Archive for the ‘The Voyages of the USS Quelle Surprise’ Category

Oops! Distracted by something shiny…

December 7, 2008

So there I was, blogging and blethering around here on WordPress, checking out Carocat’s blog; and she was talking about taking part in National Novel Writing Month (aka “NaNoWriMo”), and so I cruised over to their website….and that was the pebble that started the landslide.

The deal with NaNoWriMo is that you start fresh on Nov. 1, and try to write 50,000 words of a new novel by November 30. If you succeed, you get 1) bragging rights, b) a PDF-file certificate suitable for printing, & the right to display a banner similar to this one: 

I Won! I Won! I Won!

I Won! I Won! I Won!

and iii) a 50,000-word draft of that novel you’ve been meaning to get around to writing one of these days. 

Well, I had been meaning to write a novel one of these days – well, about five novels I’ve been meaning to write – so I picked one* and jumped into NaNoWriMo feet-first, and before I knew it the waters had closed over my head.

(*A synopsis and excerpt await your perusal at my page on the NaNoWriMo site.)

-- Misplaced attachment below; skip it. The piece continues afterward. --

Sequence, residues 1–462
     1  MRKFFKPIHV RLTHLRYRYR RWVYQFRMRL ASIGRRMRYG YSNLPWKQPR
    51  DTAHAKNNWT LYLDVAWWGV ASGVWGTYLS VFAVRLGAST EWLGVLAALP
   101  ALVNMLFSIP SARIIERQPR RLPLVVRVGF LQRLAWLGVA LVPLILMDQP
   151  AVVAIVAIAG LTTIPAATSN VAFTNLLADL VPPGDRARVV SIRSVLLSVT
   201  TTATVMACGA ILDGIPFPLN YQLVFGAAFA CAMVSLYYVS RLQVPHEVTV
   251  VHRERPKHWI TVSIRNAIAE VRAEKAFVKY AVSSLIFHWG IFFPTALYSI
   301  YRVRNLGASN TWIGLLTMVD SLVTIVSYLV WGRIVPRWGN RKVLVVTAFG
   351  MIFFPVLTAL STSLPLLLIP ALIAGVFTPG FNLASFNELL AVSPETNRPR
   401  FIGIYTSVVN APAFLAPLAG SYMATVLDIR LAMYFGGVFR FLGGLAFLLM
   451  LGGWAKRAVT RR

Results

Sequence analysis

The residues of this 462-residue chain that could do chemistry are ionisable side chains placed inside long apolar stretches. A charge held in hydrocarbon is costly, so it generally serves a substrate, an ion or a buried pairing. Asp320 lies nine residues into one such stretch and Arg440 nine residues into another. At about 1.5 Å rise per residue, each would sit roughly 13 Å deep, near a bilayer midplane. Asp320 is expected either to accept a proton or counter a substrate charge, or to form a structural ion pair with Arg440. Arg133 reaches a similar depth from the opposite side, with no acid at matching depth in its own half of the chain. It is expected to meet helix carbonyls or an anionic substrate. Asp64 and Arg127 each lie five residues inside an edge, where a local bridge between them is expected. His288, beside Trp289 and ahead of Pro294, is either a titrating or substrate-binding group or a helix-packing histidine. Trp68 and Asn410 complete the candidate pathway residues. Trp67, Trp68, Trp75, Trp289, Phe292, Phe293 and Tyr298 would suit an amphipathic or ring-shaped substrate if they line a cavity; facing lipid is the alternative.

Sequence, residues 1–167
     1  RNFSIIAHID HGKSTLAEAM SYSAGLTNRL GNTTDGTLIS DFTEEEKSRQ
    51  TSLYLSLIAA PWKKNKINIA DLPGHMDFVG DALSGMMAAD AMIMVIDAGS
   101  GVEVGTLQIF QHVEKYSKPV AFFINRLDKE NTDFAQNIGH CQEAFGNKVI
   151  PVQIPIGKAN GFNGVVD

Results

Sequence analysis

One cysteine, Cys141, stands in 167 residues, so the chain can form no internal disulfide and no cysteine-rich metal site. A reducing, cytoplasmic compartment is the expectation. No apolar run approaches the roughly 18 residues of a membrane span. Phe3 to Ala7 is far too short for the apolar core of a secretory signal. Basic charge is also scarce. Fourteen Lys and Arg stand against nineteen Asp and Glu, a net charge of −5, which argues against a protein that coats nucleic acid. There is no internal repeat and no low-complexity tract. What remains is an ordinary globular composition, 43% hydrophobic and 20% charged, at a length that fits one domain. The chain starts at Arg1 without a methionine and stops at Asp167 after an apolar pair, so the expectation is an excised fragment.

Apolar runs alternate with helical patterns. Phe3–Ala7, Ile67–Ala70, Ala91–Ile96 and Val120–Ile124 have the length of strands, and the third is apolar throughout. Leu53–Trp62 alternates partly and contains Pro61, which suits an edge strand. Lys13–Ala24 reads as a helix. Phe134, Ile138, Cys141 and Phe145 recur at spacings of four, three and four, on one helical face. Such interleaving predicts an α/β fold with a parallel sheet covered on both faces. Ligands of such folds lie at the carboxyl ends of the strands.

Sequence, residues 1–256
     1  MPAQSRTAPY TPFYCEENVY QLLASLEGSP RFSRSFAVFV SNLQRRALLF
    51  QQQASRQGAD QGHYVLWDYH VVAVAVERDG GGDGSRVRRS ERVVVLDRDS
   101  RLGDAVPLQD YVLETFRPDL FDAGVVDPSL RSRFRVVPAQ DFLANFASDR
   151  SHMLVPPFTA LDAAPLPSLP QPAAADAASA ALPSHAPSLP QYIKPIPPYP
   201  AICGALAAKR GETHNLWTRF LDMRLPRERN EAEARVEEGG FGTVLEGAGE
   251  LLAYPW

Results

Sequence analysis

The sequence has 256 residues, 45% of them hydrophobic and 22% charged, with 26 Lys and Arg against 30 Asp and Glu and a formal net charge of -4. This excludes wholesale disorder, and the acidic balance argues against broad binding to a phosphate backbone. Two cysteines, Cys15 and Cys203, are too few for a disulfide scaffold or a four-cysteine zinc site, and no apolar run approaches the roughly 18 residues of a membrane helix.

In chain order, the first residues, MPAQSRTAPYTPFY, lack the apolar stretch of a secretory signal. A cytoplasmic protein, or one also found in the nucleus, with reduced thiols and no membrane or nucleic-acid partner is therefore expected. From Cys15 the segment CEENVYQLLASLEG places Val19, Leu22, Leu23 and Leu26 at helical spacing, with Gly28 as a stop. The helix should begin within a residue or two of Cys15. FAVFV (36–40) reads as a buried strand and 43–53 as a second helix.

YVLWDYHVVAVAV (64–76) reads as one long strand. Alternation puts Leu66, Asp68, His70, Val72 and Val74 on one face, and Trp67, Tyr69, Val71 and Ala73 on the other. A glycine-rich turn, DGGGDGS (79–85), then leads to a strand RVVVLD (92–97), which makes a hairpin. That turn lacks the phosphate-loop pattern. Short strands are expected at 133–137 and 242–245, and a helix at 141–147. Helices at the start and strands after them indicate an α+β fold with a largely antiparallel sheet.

I did make 50,0o0 words, and it feels darned good to have accomplished so much; but it was a tough slog and took a lot out of me, and led to my neglecting  this blog terribly.

If anyone asks, it’s all Carocat’s fault. :)

– the prodigal Evelyn


Wheeee!!! I’m freeee…..

October 7, 2008

[exuberant singsong]
I got my bills paid! :) :) :)
I got my bills paid! :) :) :)

I’m free of bill-paying for another 30 (well, 24, if I were going to be more prompt about it next month) days – wheeeeeee!!!

It’s not the money (well, sometimes it’s the money, but that’s a separate issue, and fortunately a more-or-less manageable one for now), it’s the physical act of paying the bills.

I just don’t wanna.

I really, really, really don’t want to do it.